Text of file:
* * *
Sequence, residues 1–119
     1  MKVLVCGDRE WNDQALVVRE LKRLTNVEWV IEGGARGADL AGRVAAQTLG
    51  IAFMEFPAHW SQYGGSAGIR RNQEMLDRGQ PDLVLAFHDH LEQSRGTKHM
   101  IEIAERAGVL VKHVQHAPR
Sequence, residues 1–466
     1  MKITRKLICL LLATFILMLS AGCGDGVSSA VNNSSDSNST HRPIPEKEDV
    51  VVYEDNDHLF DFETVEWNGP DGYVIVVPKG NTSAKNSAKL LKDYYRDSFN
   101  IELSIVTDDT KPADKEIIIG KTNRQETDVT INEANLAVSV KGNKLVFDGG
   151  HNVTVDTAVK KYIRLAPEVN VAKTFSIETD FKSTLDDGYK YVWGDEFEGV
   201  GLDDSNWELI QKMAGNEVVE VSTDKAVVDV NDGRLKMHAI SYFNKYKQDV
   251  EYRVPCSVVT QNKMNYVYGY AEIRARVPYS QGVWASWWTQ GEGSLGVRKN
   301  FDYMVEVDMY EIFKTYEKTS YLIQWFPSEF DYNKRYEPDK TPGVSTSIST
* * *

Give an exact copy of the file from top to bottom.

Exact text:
Sequence, residues 1–119
     1  MKVLVCGDRE WNDQALVVRE LKRLTNVEWV IEGGARGADL AGRVAAQTLG
    51  IAFMEFPAHW SQYGGSAGIR RNQEMLDRGQ PDLVLAFHDH LEQSRGTKHM
   101  IEIAERAGVL VKHVQHAPR
Sequence, residues 1–466
     1  MKITRKLICL LLATFILMLS AGCGDGVSSA VNNSSDSNST HRPIPEKEDV
    51  VVYEDNDHLF DFETVEWNGP DGYVIVVPKG NTSAKNSAKL LKDYYRDSFN
   101  IELSIVTDDT KPADKEIIIG KTNRQETDVT INEANLAVSV KGNKLVFDGG
   151  HNVTVDTAVK KYIRLAPEVN VAKTFSIETD FKSTLDDGYK YVWGDEFEGV
   201  GLDDSNWELI QKMAGNEVVE VSTDKAVVDV NDGRLKMHAI SYFNKYKQDV
   251  EYRVPCSVVT QNKMNYVYGY AEIRARVPYS QGVWASWWTQ GEGSLGVRKN
   301  FDYMVEVDMY EIFKTYEKTS YLIQWFPSEF DYNKRYEPDK TPGVSTSIST